Mudia Web Developer has been in a retrospective mood about Web frameworks. No need to list them and wax about their glorious features, each so wonderful its own hypertext-serving way.
With each web framework, I code the fresh start, like skiing fresh powder, or stumming that first barre chord with that new amp standing tall. Each each web framework, I was convinced that this was the one. I said to myself:
"Here at last! My search would now produce a working web framework, a sturdy easily-modifiable HTTP server, effortlessly serving up all my punk rock markup."
A web framework grounded upon GNU/Linux which was in turn ground upon the GPL. A web framework with which I grooved the design.
I could go through the list. You probably have been there yourself. I like them all.
Perl in the cgi-bin, PHP on the rollercoster, Java servlets in the toaster oven, HTML::Mason at the beach by the boardwalk, Director Shockwave downtown in the crowds, Flash pushing up the reverb faders, Drupal on the ferris wheel, WordPress on the mountain trek downhill, Ruby-on-Rails with a lollipop, and a wiki to lock all your links in carbonite, After all that...
"Easier in the long-run just to shell into the server and write amongst the media."
Probably silly to learn all that technology, and then start spreading the coding time elsewhere. The media gets converted, reborn in the new language of this season's web framework. The programs change, versions come and go.
But, this time is different, because the technology changed at the crux of the matter, the thread-level, where your program meets the central processing unit.
The paradigm shift has many features. One of them is that I am moving from the webmastering situation where the websites uses the Apache HTTP server and where cPanel is used as a web hosting control panal. Meanwhile, in the place is Node.js and some DigitalOcean droplets.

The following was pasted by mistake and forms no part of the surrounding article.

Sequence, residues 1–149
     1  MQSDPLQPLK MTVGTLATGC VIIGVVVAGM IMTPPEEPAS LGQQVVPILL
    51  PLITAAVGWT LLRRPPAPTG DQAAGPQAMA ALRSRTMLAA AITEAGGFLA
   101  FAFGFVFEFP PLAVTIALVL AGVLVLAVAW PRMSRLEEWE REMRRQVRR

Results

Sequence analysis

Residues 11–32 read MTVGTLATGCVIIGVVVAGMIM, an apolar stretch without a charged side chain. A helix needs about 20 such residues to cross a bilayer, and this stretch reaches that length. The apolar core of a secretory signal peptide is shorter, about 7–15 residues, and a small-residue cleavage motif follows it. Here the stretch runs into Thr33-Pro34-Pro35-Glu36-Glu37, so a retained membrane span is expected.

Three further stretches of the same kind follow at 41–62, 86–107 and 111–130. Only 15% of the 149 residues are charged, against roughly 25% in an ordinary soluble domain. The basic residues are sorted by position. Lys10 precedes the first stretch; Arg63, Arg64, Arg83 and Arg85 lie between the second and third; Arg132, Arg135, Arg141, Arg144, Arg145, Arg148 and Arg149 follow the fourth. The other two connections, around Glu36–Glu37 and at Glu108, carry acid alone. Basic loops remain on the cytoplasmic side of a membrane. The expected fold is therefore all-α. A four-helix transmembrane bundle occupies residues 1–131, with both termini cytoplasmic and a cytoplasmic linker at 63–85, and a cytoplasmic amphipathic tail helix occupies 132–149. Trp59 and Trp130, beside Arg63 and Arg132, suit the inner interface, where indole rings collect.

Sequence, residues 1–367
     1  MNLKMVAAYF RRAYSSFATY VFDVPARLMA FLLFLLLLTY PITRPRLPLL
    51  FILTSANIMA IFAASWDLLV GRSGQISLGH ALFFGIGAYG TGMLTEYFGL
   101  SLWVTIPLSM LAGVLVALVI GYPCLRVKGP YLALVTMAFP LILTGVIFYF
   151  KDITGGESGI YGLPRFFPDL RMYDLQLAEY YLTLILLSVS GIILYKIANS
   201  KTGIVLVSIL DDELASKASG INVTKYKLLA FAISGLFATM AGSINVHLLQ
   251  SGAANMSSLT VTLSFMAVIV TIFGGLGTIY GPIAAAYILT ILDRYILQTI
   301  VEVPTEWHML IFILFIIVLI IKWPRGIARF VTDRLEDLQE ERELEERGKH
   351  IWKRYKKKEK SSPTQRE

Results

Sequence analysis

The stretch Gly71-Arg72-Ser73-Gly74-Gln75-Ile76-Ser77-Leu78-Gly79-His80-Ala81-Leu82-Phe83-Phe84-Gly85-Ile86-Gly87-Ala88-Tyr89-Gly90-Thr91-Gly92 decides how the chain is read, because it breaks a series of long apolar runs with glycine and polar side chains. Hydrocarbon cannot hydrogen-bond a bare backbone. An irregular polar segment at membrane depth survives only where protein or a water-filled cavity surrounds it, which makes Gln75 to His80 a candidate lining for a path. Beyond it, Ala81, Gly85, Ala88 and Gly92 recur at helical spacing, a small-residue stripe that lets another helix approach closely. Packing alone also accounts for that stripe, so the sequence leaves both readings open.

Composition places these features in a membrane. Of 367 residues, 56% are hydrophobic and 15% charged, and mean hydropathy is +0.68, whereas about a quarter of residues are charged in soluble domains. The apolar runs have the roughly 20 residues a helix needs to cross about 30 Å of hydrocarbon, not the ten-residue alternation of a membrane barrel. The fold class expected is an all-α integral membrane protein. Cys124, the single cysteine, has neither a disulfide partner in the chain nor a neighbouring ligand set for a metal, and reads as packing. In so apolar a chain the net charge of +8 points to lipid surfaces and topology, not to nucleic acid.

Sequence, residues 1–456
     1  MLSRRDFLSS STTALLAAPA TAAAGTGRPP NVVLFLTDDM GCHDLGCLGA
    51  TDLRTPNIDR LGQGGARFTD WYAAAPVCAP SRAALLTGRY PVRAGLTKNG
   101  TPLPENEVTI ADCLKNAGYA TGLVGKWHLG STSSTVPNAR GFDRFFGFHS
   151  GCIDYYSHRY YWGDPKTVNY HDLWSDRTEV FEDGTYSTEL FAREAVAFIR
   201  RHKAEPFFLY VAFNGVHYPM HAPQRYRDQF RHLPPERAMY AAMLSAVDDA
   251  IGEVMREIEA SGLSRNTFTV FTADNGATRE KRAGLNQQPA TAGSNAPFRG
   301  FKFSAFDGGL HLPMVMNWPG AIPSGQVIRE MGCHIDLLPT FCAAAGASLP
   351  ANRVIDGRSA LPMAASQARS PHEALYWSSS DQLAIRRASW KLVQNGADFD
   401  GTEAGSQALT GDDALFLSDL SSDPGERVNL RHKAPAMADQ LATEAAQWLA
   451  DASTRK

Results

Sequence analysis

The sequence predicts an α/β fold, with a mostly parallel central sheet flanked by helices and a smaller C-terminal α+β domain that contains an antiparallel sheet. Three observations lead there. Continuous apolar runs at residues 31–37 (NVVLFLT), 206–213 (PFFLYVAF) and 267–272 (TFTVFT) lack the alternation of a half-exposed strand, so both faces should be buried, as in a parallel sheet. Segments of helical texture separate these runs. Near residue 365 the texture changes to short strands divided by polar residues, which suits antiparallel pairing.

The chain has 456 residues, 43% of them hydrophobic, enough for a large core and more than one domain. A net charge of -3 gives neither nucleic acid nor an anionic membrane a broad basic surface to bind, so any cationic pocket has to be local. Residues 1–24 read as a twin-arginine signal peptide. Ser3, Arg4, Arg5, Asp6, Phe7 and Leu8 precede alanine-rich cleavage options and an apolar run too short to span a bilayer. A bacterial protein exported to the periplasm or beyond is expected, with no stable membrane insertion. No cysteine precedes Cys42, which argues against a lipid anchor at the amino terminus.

There is a new stack in towne. It is helping me brush up on my linux chops. So, that a fun benefit of using node and npm, this new web framework to study. The challenge to learn what is going on is fun. Makes a keyboardist feel like it is 1994 all over again, with wonderful dreams in hypertext, that a New Day's Browser brings.
The web development that I have been doing on the Node.js platform has been such a great paradigm shift for me. One topic that has really captured my attention the diagramming of Event Loops. Here is an area rich with concept maps. As an inquirer into webservers, I ask what is a proper concept map for descriping event loops.
The concept is so barebones and simple and pure programming fun, and thinking about IO, this all has shocked me out of my complacency, and my search for a web framework has bright day on those little patches of memory responding to quieries galore.
The change in the process of web development has expand this boundary, the database feels closer to the browser. What is possible in the browser appears to have expanded. So, please join me as I investigate node and npm.
Meanwhile, sorting it all together, here is a collection of hyperlinks about node.js and npm, and plenty of related topics.
Meanwhile, there is plenty to learn, and plenty to code and, lots of work just to learn what I want to learn (if you know what I mean). And, of course, this is a metalogue, the fun of making lists of hyperlinks to the Node.js knowledgebase is itself coded as a Node.js server, a great tool for helping us achieve the Mudia Web Developer goal to make hypertext experiences guided by the patterns of inquiring systems.
NPM is a package manager for node, from which emerges an ecosystem of Node.js programmers and modules.